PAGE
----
Experience, quality, and great customer service with over 92 years of in the business can be found here at Williams and Heintz Map Corporation…
Over on our facebook page, Williams & Heintz has a new “like”, and it came with the most Awesome link! Jack Kittle, of Decatur, Georgia, found 1927-1930 topographic maps of Atlanta. Our name is listed in the lower right hand corner. Here is the link, that will take you to the Digital Gallery at Emory University. They have 75 pages of the City of Atlanta tax plat maps that we printed when my great grandfather first got into the map printing business.
Company lore has it that, one of our original jobs as a map company was engraving, (copper plate), and printing, (stone lithography), tax plats for cities, of which Atlanta was one. Without accurate maps, the cities were losing revenue, because they didn’t know who to send the bill to.
Jack Says, “I first ran into copies of these maps at the DeKalb History Center. Their copies are from the DeKalb County Planning Department. New developments – streets and buildings – were carefully added in black ink until sometime in the 1950s. This fits the tax plat scenario. Note that this usage was not in the City of Atlanta, rather in the area to the east.”
International Women’s day is March 8 and March is Women’s History Month – What Role Have Women Played in the History of Mapmaking?
Many women’s organizations and governments around the world observe International Women’s Day annually on March 8th. The United States designates the whole month of March as Women’s History Month. The role of women in the history of mapmaking reminds us to celebrate the accomplishments of women and girls throughout history, and the need to keep working to ensure that women’s equality is gained and maintained in all aspects of life, all over the map.
Judith Tyner, Professor Emerita of Geography, California State University, Long Beach, has researched and shared a lot of the history of women in cartography. She says that Women have played many roles in the history of cartography. There are the usual assumptions, marginal activities, traditional woman’s roles of piece work that could be done at home: coloring maps, map folding, and stitching atlases. In the 19th century, women taught geography, maps, and “the use of the globes” to privileged young ladies. The usual way that women would become involved in mapmaking business, was through family. The map trades, printing, and engraving have traditionally been family businesses.
But when you examine maps for the names of engravers, publishers and printers, you discover that women have been involved in cartography from the early days of mapping. Women were publishers, map sellers, cartographers, drafters, editors, engravers, globemakers, printers, colorists, folders, stitchers, teachers of map reading and mapmaking, cartographic historians, map librarians, and patrons of cartography!
“By the beginning of the twentieth century, the identities of cartographers and map traders had become even more obscure. Large cartographic firms such as Rand McNally and Hammond formed and began using wax engraving and lithography techniques; map engravers and compilers no longer signed their maps. As companies grew, few retained records… Over time old records were destroyed in the name of efficiency.”
This fits with what I have recently learned about Williams & Heintz, from my cousin Jeanette Schuder, about my Great Aunt Ruth, Born Ruth Lillian Heintz (1913 – 2011)
“Her father co-owned the William and Heintz Company, a lithographic business in DC. She worked for her dad’s company as a topographical engineer and she drew maps of Bakersfield, California and other new cities. She also worked for the Geological Survey and drew the original maps of the unmapped territory of the Yukon.”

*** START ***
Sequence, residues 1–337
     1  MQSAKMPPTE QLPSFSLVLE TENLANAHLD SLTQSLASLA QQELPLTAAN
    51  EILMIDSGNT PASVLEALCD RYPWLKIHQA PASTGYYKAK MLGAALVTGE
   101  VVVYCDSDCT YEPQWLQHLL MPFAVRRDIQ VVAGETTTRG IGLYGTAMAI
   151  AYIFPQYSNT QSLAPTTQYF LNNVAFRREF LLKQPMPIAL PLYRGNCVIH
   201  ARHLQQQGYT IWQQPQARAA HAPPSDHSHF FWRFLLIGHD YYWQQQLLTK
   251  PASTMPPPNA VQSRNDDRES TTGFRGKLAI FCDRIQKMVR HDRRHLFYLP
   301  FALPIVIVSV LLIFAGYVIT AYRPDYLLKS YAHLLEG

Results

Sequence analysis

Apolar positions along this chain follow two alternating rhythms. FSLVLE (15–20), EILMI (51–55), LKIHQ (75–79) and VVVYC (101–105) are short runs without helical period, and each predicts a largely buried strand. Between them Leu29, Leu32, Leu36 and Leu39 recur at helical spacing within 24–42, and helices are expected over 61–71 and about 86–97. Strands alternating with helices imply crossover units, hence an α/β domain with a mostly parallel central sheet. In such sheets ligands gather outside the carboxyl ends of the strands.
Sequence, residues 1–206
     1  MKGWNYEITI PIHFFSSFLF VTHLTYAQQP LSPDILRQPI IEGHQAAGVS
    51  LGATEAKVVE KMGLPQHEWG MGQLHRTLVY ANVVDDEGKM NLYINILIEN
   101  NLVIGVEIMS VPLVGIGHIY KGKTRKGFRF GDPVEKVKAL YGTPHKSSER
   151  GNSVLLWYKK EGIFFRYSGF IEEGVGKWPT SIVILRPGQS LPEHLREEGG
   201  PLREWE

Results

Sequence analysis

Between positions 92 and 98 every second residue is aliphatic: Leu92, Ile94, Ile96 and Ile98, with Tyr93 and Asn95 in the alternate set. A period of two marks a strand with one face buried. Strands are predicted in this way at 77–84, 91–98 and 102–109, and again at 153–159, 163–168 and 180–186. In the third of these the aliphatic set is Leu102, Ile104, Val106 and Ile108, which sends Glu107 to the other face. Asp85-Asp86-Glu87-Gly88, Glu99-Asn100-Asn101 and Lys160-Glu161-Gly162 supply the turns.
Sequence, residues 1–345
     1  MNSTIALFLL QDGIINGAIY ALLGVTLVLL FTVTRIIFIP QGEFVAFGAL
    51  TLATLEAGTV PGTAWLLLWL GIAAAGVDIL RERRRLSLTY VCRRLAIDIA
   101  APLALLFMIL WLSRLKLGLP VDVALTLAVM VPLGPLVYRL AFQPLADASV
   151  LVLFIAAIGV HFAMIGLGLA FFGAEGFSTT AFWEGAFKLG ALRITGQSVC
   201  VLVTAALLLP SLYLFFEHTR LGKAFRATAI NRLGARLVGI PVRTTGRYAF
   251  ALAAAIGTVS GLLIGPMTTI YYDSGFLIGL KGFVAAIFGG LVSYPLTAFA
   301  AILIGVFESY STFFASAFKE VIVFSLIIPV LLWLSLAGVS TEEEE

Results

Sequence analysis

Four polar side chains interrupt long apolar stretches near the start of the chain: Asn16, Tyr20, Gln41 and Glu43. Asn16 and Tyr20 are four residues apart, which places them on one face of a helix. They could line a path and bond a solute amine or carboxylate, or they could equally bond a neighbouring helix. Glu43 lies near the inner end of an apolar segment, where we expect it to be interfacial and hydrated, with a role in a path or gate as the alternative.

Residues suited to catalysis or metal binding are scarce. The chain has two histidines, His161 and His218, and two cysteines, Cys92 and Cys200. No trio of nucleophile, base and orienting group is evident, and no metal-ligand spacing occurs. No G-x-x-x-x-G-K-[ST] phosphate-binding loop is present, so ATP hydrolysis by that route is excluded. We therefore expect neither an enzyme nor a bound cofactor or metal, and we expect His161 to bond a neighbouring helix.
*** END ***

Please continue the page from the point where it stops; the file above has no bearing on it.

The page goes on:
Ruth was married August 22, 1936, so I figure that her work as a mapmaker was in the early 1930s. A quick google search for “Bakersfield CA map 1930s” yields these maps, from the University of Texas Libraries, that may be some of the maps that she worked on.
Even before the second World War, women were encouraged to work as cartographers and cartographic drafters. During the war, they were hired to replace the men, due to the wartime demand for maps. Government agencies in the U. S. were hiring women because they recognized that our maps were out of date and had insufficient coverage. Women were preferred for drafting, computing and photogrametry. Collections were scattered. Map librarians played an important role in the collection and distribution of maps for the war effort.
Women did not give up cartography after the war. They were successful, and continued to take advantage of trainings at universities, and job opportunities. Marie Tharp was encouraged to study geology and drafting, she made important contributions to mapping. You can read about them in Honoring Marie Tharp, Oceanographic Cartographer, for International Women’s Day
Today, women work in all aspects of the mapping industry, from GIS to map printing. Since World War II, we have seen the greatest rise in the number of women involved in the field. However, continued vigilance and action is still necessary to ensure that women’s equality is gained and maintained.
Mary Beth Smith, of “Girls Who Print” said, in response to an example of blatant discrimination in the work place today,
” Lets work together. Let the ignorant know that their behavior is neither admired nor tolerated. Show your spouses, your daughters, your sons, and everyone in your orbit your conviction that this is unacceptable behavior. Isn’t it time we stopped acting like this doesn’t happen? Do we not WANT young people and women to bring their gifts, talents, training and expertise to an industry sorely in need of a fresh approach?”
Tyner, Judith, “The Hidden Cartographers: Women in Mapmaking,” Mercator’s World, volume 2, number 6, November/December 1997, pp. 46-51.
Tyner, Judith, “Millie the Mapper and Beyond: The Role of Women in Cartography Since World War II,” Meridian – Map and Geography Round Table of the American Library Association No. 15 1999 pp23-28.